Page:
We don’t need attempts at soaring rhetoric in a time of earthbound problems.
Round about this time in the election cycle, a presidential challenger finds himself on the stump and posing a simple test to voters: “Ask yourself — are you better off now than you were four years ago?”
But, in fact, you don’t need to ask yourself, because the Federal Reserve Board’s Survey of Consumer Finances has done it for you. Between 2007 and 2010, Americans’ median net worth fell 38.8 percent — or from $126,400 per family to $77,300 per family. Oh, dear. As I mentioned a few months ago, when readers asked me to recommend countries they could flee to, most of the countries worth fleeing to Americans can no longer afford to live in.
Which means we’ll just have to fix things here. How likely is Barack Obama to do this? A few days ago he came to Cleveland, a city that is a byword for economic dynamism, fiscal prudence, and sound government. He gave a 54-minute address that tried the patience even of the most doting court eunuchs. “One of the worst speeches I’ve ever heard Barack Obama make,” pronounced MSNBC’s Jonathan Alter, as loyal Democrat attendees fled the arena to volunteer for the Obamacare death-panel pilot program. In fairness to the president, I wouldn’t say it was that much worse, or duller, or more listless and inert than previous Obama speeches. In fact, much of it was exactly the same guff he was peddling when Jonathan Alter’s pals were still hailing him as the world’s greatest orator. The problem is the ever widening gulf between the speech and the slough of despond all about.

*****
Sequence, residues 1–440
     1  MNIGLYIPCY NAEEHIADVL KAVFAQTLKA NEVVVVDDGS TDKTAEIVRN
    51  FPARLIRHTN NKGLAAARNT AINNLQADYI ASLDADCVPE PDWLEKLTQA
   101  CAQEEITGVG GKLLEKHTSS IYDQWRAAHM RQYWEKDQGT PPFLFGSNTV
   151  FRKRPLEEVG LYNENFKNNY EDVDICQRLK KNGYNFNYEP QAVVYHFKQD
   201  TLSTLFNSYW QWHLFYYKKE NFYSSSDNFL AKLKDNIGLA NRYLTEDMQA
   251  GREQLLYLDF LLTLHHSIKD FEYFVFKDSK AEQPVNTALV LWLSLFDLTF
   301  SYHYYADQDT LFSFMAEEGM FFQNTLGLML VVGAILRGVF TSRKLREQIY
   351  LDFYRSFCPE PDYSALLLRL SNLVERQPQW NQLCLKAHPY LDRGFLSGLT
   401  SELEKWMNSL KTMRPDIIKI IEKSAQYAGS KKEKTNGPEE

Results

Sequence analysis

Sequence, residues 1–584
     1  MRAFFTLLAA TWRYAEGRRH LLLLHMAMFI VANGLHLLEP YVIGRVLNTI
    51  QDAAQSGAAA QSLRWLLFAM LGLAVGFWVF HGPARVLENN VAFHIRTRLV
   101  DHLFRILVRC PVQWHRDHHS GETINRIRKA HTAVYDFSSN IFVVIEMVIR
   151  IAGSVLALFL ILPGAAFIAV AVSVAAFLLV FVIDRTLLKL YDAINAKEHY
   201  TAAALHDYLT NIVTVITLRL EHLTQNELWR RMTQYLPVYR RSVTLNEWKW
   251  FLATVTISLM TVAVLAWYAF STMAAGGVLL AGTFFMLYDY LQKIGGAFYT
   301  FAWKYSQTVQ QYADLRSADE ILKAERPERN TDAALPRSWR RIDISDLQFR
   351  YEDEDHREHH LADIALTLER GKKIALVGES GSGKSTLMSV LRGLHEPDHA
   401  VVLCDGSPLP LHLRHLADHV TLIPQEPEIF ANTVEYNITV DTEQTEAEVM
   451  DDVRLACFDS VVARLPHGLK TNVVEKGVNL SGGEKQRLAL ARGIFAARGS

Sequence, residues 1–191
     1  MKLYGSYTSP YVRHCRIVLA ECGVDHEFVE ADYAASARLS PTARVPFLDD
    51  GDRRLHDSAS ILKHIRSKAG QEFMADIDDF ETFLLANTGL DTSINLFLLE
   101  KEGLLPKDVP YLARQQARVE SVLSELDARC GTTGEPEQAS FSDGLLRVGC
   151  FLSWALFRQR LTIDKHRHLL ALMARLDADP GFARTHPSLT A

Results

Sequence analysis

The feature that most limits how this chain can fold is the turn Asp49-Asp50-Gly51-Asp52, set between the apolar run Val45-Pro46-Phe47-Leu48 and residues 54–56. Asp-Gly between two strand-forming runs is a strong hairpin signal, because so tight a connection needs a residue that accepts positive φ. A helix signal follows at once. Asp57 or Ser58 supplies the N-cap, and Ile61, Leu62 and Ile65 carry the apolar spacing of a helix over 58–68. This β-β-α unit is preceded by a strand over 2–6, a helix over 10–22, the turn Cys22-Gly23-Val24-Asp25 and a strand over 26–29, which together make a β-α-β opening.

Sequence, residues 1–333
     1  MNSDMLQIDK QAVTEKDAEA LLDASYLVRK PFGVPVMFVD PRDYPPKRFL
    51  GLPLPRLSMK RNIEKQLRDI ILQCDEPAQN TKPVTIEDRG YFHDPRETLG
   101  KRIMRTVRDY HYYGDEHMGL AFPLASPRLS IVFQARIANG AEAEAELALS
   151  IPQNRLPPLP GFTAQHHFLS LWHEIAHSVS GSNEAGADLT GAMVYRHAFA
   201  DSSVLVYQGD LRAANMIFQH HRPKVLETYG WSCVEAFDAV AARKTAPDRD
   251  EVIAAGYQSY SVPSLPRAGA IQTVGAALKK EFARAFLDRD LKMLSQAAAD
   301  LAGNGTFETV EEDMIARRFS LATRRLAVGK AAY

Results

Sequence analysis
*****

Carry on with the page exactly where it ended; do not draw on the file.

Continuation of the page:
Take, for example, the attempt at soaring rhetoric: “That’s how we built this country — together. We constructed railroads and highways, the Hoover Dam and the Golden Gate Bridge. We did those things together,” he said, in a passage that was presumably meant to be inspirational but was delivered with the faintly petulant air of a great man resentful at having to point out the obvious, yet again. “Together, we touched the surface of the moon, unlocked the mystery of the atom, connected the world through our own science and imagination. We haven’t done these things as Democrats or Republicans. We’ve done them as Americans.”
Beyond the cheap dissembling, there was a bleak, tragic quality to this paragraph. Does anyone really believe a second-term Obama administration is going to build anything? Yes, you, madam, the gullible sap at the back in the faded hope’n’change T-shirt. You seriously think your guy is going to put up another Hoover Dam? Let me quote one Deanna Archuleta, Obama’s deputy assistant secretary of the interior, in a speech to Democrat environmentalists in Nevada:
“You will never see another federal dam.”
That seems pretty straightforward. America is out of the dam business. Just as the late Roman Empire no longer built aqueducts, so we no longer build dams. In fairness to the Romans, they left it to the barbarians to sweep in and destroy the existing aqueducts, whereas in America the government destroys the dams (some 200 this century) as an act of environmental virtue hailed by the deputy assistant secretary of the interior.
Obama can urge us all he wants to band together because when we dream big dreams there’s no limit to what Big Government can accomplish. But these days we can’t build a new Hoover Dam, only an attractive new corner office for the assistant deputy assistant deputy assistant secretary to the secretary of deputy assistants at the Department of Bureaucratic Sclerosis, and she’ll be happy to issue a compliance order that the Hoover Dam’s mandatory fish ladders are non-wheelchair-accessible, and so the whole joint needs to close. That we can do! If only we dare to dream Big Dreams!! Together!!!